Prior to eventually establishing her own publishing company, Amoris (International & Imprint), she had been Promotion Manager for Novello & Co. (London). Jennifer Paull also worked in the management of many well-known composers – Bruno Maderna (Concertdirectie de Koos, Laren, the Netherlands), Cathy Berberian and John McCabe (Jennifer Paull Management, London/Zürich) etc.

From an early age, she learned of the riches within the world of music through the enlightened guidance of a very patient piano and theory teacher. The discovery of the oboe d’amore, whilst an oboe and piano student at the Royal College of Music, changed both her life and that of this almost-forgotten beautiful instrument to which she subsequently dedicated her own. At that time, oboes d’amore were far more rare than they are today. Their proliferation is due, in great measure, to her pioneering work dedicated to the instrument’s cause. Jennifer Paull remains the only soloist in the world, ever, to have devoted a career exclusively to the oboe d’amore.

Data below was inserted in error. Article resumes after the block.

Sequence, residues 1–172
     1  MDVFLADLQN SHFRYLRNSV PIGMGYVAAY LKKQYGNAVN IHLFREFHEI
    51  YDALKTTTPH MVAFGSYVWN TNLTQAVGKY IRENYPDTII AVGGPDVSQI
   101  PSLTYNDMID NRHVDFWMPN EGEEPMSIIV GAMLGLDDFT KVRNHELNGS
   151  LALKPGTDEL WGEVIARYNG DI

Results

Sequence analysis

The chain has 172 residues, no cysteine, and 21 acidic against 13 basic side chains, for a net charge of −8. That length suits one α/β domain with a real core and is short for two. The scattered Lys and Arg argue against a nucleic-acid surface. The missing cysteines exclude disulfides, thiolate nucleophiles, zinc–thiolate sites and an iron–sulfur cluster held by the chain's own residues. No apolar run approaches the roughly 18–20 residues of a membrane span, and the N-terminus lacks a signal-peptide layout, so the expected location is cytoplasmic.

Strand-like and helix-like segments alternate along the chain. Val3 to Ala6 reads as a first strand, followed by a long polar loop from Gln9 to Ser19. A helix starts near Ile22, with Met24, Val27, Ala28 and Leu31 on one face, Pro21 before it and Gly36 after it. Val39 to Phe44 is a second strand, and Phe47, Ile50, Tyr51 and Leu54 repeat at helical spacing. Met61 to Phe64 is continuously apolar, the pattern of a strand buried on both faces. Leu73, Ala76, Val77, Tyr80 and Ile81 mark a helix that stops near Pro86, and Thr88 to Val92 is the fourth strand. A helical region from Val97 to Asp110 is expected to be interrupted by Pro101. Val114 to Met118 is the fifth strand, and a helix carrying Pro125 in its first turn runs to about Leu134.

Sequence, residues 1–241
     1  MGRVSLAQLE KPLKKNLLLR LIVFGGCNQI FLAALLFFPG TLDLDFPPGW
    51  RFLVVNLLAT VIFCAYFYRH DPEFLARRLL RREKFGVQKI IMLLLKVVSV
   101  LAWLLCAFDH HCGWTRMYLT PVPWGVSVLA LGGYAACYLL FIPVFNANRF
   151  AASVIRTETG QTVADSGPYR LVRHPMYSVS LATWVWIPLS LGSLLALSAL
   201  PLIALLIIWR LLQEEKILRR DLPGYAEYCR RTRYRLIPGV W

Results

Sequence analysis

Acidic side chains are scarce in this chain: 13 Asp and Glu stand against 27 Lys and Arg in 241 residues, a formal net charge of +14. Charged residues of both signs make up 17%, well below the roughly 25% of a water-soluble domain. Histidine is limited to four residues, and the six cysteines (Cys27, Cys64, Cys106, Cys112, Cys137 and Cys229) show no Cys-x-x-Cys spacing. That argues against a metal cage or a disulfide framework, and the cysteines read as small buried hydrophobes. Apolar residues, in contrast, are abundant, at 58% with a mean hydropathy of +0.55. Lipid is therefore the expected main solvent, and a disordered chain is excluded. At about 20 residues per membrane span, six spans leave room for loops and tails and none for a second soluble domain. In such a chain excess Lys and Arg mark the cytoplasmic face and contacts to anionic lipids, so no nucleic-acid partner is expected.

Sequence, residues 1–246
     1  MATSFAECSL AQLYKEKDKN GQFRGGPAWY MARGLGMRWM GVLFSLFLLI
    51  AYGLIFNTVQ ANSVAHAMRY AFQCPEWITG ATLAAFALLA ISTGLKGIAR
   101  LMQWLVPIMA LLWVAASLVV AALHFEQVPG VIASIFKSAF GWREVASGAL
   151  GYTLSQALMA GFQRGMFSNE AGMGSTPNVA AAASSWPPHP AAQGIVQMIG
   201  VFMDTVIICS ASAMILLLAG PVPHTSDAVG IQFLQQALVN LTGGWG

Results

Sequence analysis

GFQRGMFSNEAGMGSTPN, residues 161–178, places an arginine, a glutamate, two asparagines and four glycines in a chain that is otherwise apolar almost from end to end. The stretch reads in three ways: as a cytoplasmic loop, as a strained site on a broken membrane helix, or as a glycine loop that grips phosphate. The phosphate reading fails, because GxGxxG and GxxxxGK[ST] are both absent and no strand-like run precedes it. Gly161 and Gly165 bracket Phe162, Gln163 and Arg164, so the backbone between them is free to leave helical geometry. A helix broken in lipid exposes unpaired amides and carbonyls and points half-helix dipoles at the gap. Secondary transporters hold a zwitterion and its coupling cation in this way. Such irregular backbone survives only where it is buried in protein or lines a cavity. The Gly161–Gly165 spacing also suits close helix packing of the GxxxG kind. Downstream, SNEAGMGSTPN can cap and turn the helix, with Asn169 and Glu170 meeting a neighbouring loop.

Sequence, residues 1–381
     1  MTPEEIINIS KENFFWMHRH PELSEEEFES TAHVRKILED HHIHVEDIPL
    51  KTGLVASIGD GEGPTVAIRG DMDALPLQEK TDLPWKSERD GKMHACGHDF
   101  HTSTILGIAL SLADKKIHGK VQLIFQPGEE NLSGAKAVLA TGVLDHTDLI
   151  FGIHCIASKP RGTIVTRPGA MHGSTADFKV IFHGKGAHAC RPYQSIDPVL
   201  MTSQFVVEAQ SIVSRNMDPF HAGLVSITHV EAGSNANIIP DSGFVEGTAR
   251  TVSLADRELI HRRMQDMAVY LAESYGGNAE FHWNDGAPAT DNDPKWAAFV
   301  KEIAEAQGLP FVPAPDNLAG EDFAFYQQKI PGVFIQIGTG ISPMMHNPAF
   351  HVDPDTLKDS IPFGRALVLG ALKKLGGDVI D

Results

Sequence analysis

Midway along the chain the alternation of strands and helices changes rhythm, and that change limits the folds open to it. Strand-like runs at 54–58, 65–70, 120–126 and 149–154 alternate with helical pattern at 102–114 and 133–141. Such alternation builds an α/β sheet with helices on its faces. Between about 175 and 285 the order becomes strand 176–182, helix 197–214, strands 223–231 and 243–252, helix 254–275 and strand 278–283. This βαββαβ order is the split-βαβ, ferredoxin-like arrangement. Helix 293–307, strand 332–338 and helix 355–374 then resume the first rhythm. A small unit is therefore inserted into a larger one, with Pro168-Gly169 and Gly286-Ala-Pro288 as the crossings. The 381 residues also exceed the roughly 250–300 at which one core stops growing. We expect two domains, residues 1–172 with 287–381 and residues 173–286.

Music in all its guises, as well as performance itself, enabled her to explore her passion much more intensely. This extended from solo recitals and broadcasts to orchestral concerts and masterclasses, commissioning and publishing new repertoire, music therapy and education, the organisation of concerts and festivals and working in artists’ and orchestral management. The fascination with the Comparative Arts’ perspective of her subject led Jennifer Paull to writing. Amoris Imprint published Jennifer Paull’s book, ‘Cathy Berberian and Music’s Muses’, in 2007.

In 2009 Jennifer Paull donated the entire Amoris International repertoire of scores to the Werner Icking Music Archive.

The lens through which I view my subject is one of a musician who delights in the juxtaposition and oneness of all of the Arts; their comparison to my own and the very lack of separation and division between.

Jennifer Paull, a synæsthete, has two daughters and two sons. She lives in Switzerland near the French border in a charming wine-growing village not far from Montreux. She is the mother of the celebrated luthier Patrick Hufschmid and Pascal Hufschmid, art historian and world-renowned expert on Photography, currently Director of the International Red Cross and Red Crescent Museum, Geneva.